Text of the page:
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California Scientific
4011 Seaport Blvd
West Sacramento, CA 95691
Sales@CalSci.com
800-284-8112
916-372-6800

Motorcycle Straps and Bungees

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Straps, Bungee Cords and Nets

Helen Two Wheels straps
Helen Two Wheels straps - $20 / pr.

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Make your own Luggage Straps

Straps like these have been popular with cross-country riders for years. These are more secure than bungees, they're always the right length, and they won't scratch up your paint.

straps duffel bag strapped strap hook
Bike & detail photo by Mike W.

I bought two Coghlan's Utility Straps, 10 ft. long pn 7610. $2.30 ea at K-Mart, etc. I got them at the local independent grocery store, which has a decent camping section. I also used four sliders, about 25 cents each at a sporting goods store, or many fabric stores.

I cut the 10' straps 20" from the end with the no-slip buckle. Don't forget to burn the cut ends - I used my gas stove, as usual. I then used sliders to make a loop in each 20" piece. Each loop includes a half twist.

Then I made loops in the remaining pieces, which are just over 7' long. All the loops have a half twist, and all the loops are about 7" long. I like to pull the loose end out of the slider so that there's about 2" of webbing sticking out, then I turn that back over the slider and put it over the front edge and through the back edge. There are now two layers of webbing going through the front edge of the slider, and three layers going through the back edge. When assembled like this, the slider is almost completely immobile. See detail above.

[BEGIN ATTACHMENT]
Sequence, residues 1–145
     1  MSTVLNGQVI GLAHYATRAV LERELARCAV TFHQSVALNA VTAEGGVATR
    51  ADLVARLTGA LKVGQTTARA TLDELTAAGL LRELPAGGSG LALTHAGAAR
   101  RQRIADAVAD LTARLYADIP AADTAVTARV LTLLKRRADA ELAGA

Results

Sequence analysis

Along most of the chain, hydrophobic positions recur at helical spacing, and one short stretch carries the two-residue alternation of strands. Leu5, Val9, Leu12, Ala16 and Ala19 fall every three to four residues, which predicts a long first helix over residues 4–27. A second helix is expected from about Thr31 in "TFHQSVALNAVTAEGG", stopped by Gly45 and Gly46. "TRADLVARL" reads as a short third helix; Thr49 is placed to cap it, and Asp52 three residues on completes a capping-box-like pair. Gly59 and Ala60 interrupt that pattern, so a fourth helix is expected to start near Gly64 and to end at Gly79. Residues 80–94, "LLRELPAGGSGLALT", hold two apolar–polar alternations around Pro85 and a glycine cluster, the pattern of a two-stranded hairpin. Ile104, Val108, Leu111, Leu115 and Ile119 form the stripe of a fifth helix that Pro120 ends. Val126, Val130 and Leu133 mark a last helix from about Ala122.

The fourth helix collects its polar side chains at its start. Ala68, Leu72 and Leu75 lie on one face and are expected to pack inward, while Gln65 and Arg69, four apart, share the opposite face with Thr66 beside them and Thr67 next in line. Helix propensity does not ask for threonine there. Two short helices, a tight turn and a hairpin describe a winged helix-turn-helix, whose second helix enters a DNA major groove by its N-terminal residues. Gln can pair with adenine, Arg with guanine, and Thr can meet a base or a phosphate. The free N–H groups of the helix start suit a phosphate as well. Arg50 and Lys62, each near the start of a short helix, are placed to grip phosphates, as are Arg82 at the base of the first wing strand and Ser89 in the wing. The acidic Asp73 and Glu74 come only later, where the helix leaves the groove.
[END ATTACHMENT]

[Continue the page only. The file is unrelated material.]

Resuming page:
To use them, you hook a buckle somewhere, hook a strap somewhere else, loop over, around, through, then wind up at the no-slip buckle. Total cost for two straps: $6. Or, you can get equivalent straps from Helen2Wheels, two for $20.

Alternatively, you can buy flat or tube webbing at a good sporting goods or fabric store, and also buy some D-rings and a couple extra sliders. Mike prefers tubular webbing for its extra strength and non-slip features; I prefer flat webbing 'cause it packs smaller and it's easier to handle.

Black Heavy-Duty 10mm Bungee Cords.
Two 24" Long cords with center ring and 4 hooks, $1.99
Single 12" Long with 2 hooks, $0.79
Single 18" Long with 2 hooks, $0.89
Single 24" Long with 2 hooks, $0.99

Bungee Nets. $4.69 Black, red, or blue.

bungee net
3 bungee nets, 2 saddlebag + 1 trunk, $15

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Make your own Bungee Hook Points:

nylon webbing
nylon webbing

Required: 30 inches of 1" nylon webbing, two snap hooks, two 1" sliders. Available at a good sporting goods store, about $5.

  1. Use the two sliders to attach the two snap hooks to the webbing. The snap hooks should have the same orientation.
  2. Move the sliders so that there's about 18" between the two snap hooks, and the sliders are about ½" from the snap hooks.
  3. Use the excess webbing to loop over / under each slider, like you're fastening your helmet, then through the snap hook attach point. The excess webbing makes for a bit of padding between the seat and the hook.